A spoiler alert: I intend to answer my own question. I am posting this because I would like to share my excitement regarding the control theory tools in Mathematica, and also to promote further discussion.

I invite any and all to criticize what I post, correct any errors, and add to the discussion!

  • 1
    $\begingroup$ As someone else suggested, your design could be improven by integrating your project to a System Modeler model. Needless to say that your results are quite impressing anyway $\endgroup$ Apr 27, 2019 at 10:33

2 Answers 2


An example of electronics design is the design of amplifiers using operation amplifiers (op amps). One common configuration is the inverting amplifier depicted below in a schematic entered in LTSpice (a free spice tool from Linear Technology).

enter image description here

The amplifier makes use of an LT1365 op amp and is designed for a gain of -2. In this implementation, a 10pF capacitor Cp represents parasitic capacitance as may be found with some implementations. The op amp has a single pole in its transfer function. The effect of the added capacitance is to produce a second pole in the feedback path. The two poles therefore appear in the loop gain and threaten to add 180 degrees to the phase delay turning what was negative feedback into positive feedback -- producing instability and even threatening oscillation. What can be done? One method is to introduce a zero in the feedback path to improve the phase margin. We do that with Cf in parallel with Rf. How to choose its value?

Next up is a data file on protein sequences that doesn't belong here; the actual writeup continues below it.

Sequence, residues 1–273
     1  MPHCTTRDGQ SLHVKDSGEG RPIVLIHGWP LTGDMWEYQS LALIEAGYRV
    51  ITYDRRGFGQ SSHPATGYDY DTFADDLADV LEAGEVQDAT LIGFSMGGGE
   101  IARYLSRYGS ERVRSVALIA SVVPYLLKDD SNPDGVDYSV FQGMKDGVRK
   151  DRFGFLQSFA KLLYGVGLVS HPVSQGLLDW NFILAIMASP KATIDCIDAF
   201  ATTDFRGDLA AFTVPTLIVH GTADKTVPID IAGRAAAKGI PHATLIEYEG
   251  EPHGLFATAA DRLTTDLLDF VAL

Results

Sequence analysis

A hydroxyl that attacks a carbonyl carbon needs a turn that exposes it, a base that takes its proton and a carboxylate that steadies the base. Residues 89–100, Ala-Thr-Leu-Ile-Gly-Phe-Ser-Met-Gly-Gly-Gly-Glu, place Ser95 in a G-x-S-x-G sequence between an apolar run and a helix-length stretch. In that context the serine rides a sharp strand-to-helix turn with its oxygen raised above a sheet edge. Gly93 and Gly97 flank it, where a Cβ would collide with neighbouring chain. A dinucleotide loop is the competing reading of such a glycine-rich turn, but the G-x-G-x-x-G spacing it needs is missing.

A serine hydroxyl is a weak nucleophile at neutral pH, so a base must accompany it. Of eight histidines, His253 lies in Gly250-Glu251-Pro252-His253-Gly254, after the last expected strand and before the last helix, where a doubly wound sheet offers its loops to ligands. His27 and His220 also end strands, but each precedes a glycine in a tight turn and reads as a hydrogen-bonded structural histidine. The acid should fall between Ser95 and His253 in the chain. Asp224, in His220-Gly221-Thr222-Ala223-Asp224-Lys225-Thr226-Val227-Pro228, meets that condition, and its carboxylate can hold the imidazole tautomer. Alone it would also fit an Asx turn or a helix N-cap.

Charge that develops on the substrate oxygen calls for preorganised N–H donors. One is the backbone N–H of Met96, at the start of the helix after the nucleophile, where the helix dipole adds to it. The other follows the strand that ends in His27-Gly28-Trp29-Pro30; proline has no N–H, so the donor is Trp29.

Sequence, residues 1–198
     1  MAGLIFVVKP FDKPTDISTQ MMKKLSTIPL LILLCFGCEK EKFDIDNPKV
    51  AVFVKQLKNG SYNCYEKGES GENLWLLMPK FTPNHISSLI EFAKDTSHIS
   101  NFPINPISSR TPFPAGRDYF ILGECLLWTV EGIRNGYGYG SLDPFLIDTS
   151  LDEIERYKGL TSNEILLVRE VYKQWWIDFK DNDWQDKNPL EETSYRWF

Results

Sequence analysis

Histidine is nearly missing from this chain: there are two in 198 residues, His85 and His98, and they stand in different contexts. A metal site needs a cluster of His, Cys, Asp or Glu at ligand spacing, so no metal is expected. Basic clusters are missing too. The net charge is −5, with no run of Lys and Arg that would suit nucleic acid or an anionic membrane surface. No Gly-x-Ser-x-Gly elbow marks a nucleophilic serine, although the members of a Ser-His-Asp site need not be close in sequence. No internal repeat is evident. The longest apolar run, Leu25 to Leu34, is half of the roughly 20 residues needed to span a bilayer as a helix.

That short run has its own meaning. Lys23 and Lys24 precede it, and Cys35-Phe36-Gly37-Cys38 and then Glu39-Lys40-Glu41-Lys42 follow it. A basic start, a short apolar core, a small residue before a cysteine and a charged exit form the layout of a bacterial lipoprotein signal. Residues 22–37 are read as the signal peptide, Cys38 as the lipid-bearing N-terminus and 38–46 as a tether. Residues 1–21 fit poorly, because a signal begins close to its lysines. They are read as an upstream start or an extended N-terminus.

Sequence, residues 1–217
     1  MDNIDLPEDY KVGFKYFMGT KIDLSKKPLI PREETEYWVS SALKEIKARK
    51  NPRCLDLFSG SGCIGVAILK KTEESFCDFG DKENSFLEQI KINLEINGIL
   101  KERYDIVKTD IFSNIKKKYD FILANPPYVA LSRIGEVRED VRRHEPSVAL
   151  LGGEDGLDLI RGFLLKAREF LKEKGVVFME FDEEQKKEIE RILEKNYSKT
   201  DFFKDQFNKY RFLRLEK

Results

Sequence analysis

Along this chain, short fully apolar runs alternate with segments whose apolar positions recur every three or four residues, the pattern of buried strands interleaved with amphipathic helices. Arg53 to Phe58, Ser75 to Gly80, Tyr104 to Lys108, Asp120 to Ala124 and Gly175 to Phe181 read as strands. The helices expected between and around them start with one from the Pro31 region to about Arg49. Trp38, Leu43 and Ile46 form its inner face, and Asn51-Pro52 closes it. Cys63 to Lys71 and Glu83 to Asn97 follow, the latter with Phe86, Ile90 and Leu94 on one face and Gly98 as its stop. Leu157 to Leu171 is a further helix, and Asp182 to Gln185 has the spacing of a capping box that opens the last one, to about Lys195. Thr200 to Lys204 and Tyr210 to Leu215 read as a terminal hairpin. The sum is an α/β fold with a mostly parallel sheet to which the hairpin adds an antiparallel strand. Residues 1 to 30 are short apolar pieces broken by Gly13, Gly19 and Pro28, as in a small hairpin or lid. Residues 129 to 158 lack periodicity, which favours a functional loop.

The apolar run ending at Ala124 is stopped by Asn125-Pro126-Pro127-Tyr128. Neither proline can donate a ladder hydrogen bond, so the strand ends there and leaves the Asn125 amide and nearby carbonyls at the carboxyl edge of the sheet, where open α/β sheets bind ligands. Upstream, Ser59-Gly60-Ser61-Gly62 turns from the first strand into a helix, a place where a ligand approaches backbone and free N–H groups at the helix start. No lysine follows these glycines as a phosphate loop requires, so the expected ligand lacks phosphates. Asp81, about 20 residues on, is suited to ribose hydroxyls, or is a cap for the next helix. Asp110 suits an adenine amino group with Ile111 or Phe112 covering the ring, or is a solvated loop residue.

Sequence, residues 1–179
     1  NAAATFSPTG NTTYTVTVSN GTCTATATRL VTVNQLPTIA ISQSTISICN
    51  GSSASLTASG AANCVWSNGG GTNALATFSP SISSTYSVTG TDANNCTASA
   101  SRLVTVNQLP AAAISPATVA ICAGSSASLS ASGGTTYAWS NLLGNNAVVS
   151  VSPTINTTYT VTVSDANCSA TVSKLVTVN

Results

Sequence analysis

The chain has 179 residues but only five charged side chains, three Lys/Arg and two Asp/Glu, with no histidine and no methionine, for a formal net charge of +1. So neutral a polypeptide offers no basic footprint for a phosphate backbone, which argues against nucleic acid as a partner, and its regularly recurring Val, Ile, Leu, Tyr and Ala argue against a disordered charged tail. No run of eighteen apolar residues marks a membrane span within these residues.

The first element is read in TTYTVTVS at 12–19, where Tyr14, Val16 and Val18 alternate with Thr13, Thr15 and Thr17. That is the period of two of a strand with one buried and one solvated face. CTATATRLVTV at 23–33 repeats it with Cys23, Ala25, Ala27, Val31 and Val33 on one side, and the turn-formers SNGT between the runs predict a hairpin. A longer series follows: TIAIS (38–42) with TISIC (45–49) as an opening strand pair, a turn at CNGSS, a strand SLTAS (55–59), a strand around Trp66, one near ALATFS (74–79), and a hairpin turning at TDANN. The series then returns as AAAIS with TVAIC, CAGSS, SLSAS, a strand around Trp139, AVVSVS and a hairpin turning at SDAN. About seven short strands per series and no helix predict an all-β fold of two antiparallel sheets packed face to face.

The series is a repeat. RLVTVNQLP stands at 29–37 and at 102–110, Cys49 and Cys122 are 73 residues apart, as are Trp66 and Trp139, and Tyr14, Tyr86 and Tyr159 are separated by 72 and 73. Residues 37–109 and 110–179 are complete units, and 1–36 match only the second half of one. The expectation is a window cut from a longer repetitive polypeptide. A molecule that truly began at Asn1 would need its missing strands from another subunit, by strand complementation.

First, we use the control theory tools to develop a transfer function model for the closed-loop system:

(* convenient shortcuts *)

(* circuit impedances in the s-domain *)
xl[l_] := s l; xc[c_] := 1/(s c); par[z1_, z2_] := (z1 z2)/(z1 + z2);

(* prefixes *)
k = 1000.; M = 1.*^6; u = 1.*^-6; p = 1.*^-12;

(* nominal values *)
nominals = {cp -> 10 p, ri -> 100 k, cf -> 0 p, rf -> 200 k, 
   av -> -4500., pole -> 2 Pi 30000.};

(* the op amp has a one-pole roll off at 30kHz *)
lt1365 = av pole/(s + pole);

(* derive a closed-loop transfer function *)

(* node currents sum to zero into the inverting input node with \
voltage v *)
eq1 = (vin - v)/ri + (0 - v)/xc[cp] + (vout - v)/par[rf, xc[cf]] == 0;

(* equation for op amp gain *)
eq2 = vout == lt1365 v;

(* determine transfer function as vout/vin *)

temp = Eliminate[{eq1, eq2}, v];

tf = (vout /. Solve[temp, vout][[1]])/vin // Simplify;

tfm = TransferFunctionModel[tf, s];

(* nominal response of transfer function *)

nominalTFM = tfm /. nominals // Simplify;

The nominal transfer function has a value of zero for Cf -- that is no compensation. We see the effects of instability in both the frequency and transient response. The circuit is close to oscillation.

SetOptions[BodePlot, FeedbackType -> None,
  ScalingFunctions -> {{"Log10", "dB"}, {"Log10", "Degree"}},
  GridLines -> Automatic, ImageSize -> 300,
  FrameLabel -> {{"Frequency", "dB"}, {"Frequency", "Degrees"}},
  PhaseRange -> {-\[Pi], \[Pi]}, PlotRange -> Automatic];

plot[1] = 
 BodePlot[nominalTFM, {2 Pi 10^4, 2 Pi 1*^8}, 
  PlotLabel -> "Nominal Response"]

enter image description here

(* the response to a negative pulse shows severe ringing *)
(* brought about by the parasitic capacitance *)

out = OutputResponse[
   nominalTFM, -UnitStep[t - 5 u] + UnitStep[t - 10 u], {t, 0, 15 u}];

plot[2] = 
 Plot[out /. t -> tt u, {tt, 0, 15}, PlotRange -> Automatic, 
  Frame -> True, FrameLabel -> {"\[Mu]s", None}, 
  PlotLabel -> "Pulse Response", PlotLegends -> {"Nominal"}]

enter image description here